In Vitro Fertilization (IVF)

It can be hard to keep up with the latest infertility and assisted reproductive technology processes, surgical procedures, terms and definitions, especially if you are new to the world of infertility. Below is a description of the In vitro fertilization (IVF) treatment cycle process, as well as an explanation of common procedures performed and the terms and definitions that are routinely used.

Understanding the Steps in an IVF Treatment Cycle

If you need IVF to treat your infertility, your Reproductive Endocrinologist will provide you with information about your personalized treatment cycle. Here is a summary of the steps involved in an IVF treatment cycle.

  1. Ovarian stimulation – Your physician prescribes a course of drugs for you to take, to stimulate your ovaries, into hopefully producing a number of mature eggs.
  2. Monitoring of your drug response – To monitor the progress of your ovarian stimulation, it is common to undergo multiple vaginal ultrasounds and blood tests.
  3. Egg maturation – Two days before your eggs are due to be retrieved you have a hormone injection, which triggers maturation of the eggs.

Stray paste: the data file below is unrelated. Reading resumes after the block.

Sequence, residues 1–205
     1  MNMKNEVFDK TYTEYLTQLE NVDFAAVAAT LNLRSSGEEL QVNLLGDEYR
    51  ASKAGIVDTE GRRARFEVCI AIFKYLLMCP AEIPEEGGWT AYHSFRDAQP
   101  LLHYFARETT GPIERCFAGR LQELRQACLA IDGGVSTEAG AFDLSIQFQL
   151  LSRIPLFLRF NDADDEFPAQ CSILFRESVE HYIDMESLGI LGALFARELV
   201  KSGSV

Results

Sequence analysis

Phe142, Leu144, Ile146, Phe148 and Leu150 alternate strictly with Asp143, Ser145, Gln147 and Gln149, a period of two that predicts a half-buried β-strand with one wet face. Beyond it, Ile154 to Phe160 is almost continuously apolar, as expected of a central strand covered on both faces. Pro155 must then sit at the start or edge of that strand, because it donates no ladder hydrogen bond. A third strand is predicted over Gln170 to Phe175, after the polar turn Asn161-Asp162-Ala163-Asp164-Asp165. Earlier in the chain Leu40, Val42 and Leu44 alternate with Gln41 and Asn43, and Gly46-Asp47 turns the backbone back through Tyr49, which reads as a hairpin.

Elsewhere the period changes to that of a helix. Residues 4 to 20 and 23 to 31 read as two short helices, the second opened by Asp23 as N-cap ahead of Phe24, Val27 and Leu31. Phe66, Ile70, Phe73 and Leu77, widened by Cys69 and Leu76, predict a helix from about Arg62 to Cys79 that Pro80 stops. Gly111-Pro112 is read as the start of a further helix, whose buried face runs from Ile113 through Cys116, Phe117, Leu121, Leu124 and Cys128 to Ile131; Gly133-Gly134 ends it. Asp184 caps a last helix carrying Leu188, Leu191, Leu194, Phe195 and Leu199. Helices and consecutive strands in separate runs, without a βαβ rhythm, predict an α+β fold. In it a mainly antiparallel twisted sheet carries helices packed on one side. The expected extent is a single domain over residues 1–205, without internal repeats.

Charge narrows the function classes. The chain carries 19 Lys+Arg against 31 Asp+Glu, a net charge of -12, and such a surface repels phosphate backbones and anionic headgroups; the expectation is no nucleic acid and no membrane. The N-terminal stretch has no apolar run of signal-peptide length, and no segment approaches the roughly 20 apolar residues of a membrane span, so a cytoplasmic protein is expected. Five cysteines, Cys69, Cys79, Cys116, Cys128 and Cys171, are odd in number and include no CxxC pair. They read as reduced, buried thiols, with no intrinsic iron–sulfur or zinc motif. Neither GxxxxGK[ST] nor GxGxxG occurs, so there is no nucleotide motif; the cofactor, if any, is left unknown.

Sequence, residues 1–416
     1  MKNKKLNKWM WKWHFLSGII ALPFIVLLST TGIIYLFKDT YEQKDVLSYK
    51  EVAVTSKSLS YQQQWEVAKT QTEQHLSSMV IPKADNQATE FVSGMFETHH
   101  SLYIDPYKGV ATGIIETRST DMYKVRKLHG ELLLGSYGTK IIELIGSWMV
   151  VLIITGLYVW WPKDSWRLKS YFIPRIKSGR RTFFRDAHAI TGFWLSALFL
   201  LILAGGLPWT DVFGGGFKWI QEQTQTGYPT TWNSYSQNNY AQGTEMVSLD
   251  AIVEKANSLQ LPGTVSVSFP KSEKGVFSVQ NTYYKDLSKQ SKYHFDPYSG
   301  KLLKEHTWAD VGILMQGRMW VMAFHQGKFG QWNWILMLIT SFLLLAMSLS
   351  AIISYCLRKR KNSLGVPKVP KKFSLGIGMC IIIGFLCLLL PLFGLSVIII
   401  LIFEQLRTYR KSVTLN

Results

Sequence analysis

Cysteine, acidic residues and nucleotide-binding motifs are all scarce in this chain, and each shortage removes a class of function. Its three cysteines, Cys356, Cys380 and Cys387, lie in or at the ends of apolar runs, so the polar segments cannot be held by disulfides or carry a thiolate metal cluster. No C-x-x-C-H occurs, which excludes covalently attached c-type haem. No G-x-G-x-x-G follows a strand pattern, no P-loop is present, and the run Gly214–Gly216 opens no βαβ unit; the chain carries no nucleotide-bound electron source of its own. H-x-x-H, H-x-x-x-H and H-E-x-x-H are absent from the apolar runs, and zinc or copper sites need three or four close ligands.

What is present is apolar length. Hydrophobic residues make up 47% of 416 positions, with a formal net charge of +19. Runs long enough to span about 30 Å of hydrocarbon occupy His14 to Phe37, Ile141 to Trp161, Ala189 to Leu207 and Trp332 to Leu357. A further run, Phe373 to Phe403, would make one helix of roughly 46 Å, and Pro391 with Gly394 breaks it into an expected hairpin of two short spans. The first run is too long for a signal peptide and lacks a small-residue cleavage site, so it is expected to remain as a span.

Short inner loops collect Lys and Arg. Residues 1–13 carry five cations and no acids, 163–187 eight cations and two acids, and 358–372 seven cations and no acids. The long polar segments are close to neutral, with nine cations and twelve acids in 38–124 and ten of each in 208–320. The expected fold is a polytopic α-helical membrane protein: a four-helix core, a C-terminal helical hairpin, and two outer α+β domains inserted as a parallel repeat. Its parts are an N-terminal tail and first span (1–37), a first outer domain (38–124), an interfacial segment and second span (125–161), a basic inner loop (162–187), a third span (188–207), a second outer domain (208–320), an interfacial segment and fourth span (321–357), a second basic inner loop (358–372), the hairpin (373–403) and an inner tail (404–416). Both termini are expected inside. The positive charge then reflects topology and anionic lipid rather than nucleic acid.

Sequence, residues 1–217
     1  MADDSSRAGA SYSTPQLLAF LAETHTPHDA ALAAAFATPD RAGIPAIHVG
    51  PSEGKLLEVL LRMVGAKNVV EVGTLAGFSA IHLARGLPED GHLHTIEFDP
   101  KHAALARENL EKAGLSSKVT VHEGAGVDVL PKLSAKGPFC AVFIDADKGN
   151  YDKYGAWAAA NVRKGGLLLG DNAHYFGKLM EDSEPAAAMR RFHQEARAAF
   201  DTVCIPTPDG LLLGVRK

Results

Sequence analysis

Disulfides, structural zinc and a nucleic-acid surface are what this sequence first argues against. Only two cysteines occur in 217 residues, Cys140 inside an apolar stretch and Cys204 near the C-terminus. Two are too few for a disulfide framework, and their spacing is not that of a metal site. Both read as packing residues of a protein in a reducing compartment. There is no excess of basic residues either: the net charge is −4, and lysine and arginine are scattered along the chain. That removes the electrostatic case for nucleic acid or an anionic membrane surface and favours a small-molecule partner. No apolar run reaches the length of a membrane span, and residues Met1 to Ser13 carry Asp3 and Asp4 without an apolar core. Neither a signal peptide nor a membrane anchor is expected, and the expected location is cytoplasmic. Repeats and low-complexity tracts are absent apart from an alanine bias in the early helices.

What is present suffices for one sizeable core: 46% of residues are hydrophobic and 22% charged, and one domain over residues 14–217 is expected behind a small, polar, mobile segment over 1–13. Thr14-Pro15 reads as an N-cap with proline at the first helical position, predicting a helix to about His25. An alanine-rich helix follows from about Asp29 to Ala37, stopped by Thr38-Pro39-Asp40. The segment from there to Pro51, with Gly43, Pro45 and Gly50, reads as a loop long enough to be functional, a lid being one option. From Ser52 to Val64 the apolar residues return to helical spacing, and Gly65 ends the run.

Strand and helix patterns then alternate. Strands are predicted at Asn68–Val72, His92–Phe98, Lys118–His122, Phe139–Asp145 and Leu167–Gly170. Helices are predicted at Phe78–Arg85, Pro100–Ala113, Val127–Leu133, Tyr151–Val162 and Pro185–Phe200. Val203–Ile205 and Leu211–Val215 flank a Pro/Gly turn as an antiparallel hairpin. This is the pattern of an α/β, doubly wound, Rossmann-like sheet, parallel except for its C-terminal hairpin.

4. Egg retrieval – You receive a light general anesthetic for this simple, short procedure, and your doctor retrieves your eggs using an ultrasound-guided technique.
  5. Sperm collection – On the day of egg retrieval, your partner provides a sperm sample.  If for some reason it is not possible for your partner to be present, other arrangements can be made.
  6. Fertilization – The embryologist uses a technique called ICSI (intracytoplasmic sperm injection), where they place one sperm into each egg to fertilize and early embryo development begins.
  7. Embryo transfer – Three to five days after egg retrieval, your doctor places one or two embryos in your uterus.
  8. Embryo freezing – If you have additional embryos suitable for use, they can be frozen and kept for future transfers.
  9. Pregnancy test – About two weeks after embryo transfer, a pregnancy test through blood work is performed.  If the test is positive, your first pregnancy scan is performed two weeks later.  If the test is negative, it is recommended you discuss additional treatment options with your physician.